Gerda Klanke can now visit her husband without driving all the way to Rocky Mountain House.
Sybren Klanke, 80, moved into Covenant Care’s brand new Villa Marie in Red Deer in February after spending a year in a Rocky continuing care facility.
“I always needed somebody to go with me. I can drive, but I can’t drive long distance because of my health,” said Gerda Klanke, 78, of Red Deer, at the grand opening of Villa Marie on Friday afternoon.
She said her husband was becoming abusive towards her when they lived together in Red Deer and was eventually diagnosed with dementia.
“All of a sudden he got really paranoid at home and he couldn’t find anything anymore. He could not talk anymore.”
At first she was worried that returning to Red Deer could be difficult on her husband because he was kind of settled at the Rocky facility.
But his secure 12-bed dementia ward at Villa Marie is very bright with plenty of space to walk, which was always one of his favourite activities, she said.
“Personally I’m quite happy with it,” Gerda said.
The 100-bed Villa Marie, located at 10 Carrington Drive, opened in January with 24 supportive living Level 4 beds for people with dementia, and 76 regular supportive living Level 4 care beds, including six one-bedroom suites for couples.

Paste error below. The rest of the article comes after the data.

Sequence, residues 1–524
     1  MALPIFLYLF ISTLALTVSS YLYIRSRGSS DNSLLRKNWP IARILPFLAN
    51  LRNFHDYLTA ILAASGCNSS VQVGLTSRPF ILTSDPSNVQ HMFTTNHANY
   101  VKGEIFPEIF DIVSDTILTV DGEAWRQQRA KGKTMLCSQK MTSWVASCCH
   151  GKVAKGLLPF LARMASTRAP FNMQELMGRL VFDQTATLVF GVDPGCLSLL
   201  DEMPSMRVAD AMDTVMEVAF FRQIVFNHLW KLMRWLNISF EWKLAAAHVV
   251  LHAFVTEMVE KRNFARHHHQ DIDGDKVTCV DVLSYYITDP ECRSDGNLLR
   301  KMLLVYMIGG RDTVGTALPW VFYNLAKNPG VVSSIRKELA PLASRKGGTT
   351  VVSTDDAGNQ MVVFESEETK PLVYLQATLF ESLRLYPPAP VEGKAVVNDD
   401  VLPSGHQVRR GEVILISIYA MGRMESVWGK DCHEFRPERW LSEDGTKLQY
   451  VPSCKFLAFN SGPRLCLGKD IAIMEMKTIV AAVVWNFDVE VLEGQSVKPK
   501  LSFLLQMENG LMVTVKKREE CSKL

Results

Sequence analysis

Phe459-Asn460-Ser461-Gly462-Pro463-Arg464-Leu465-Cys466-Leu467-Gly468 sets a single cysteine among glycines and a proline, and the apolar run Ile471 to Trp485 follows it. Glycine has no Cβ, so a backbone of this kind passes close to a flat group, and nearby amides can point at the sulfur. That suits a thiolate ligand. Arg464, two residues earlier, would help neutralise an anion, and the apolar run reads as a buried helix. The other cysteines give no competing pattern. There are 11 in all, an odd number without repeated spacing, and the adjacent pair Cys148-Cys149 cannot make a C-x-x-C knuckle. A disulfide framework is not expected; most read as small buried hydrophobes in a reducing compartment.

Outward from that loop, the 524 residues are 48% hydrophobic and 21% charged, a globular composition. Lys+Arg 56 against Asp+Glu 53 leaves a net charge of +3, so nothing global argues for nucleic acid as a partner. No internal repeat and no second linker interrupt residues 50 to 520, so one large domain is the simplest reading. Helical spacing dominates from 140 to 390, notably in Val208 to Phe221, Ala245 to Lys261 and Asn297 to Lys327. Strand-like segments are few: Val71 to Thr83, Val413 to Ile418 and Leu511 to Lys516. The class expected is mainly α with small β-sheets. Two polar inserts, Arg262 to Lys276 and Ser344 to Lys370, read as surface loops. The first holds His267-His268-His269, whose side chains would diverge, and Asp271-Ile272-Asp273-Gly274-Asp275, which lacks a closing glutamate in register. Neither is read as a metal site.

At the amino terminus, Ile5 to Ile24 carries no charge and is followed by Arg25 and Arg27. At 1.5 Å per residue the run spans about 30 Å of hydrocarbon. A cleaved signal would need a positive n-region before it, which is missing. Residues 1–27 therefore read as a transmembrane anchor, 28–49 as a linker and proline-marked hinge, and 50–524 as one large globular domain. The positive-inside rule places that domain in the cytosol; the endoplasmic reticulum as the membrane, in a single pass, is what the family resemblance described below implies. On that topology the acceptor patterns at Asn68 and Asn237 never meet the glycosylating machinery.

Level 4 is one level below long-term care, which is the highest care level for seniors.
The $30-million facility was one of two built by Covenant Care touted as a new model of care where seniors could age in place without having to move as their care needs change.
Villa Marie, which is being run as a supportive living facility, opened about a month before the Calgary facility.
“We’re really proud of not only the facility, but the innovation that comes with the facility,” said Patrick Dumelie, president and CEO of Covenant Care.
“As (residents’) care needs increase, we’re able to change the care plan and not the location of care. That’s the real beauty of this facility. We don’t want to displace residents and have them cut off from their community, from their friends, from their caregivers, from their family,” Dumelie said.
He said residents were able to move in quickly because jobs were filled right away. The culture of innovation at Villa Marie likely appealed to workers.
“It’s hard on residents to move from facility to facility. It’s also hard on caregivers because they develop a real bond with residents,” Dumelie said.
Kerry Bales, chief zone officer with Alberta Health Services Central Zone, said 21 of the Villa Marie residents were transitioned from Symphony Senior Living Aspen Ridge after that facility eliminated its AHS-funded beds.
“That was a little bit unfortunate in the sense that probably utilized some of the capacity here quicker than we had hoped,” Bales said.
Shirley Thomas, Central Alberta Council on Aging vice-president, said the council is hearing there is bigger need for long-term care beds rather than the supportive living facilities that the province prefers to have built these days.
She said two years ago it was announced that Villa Marie would provide all levels of senior care, including long-term care.
“What they have delivered is a far cry from what was presented at that time,” Thomas said.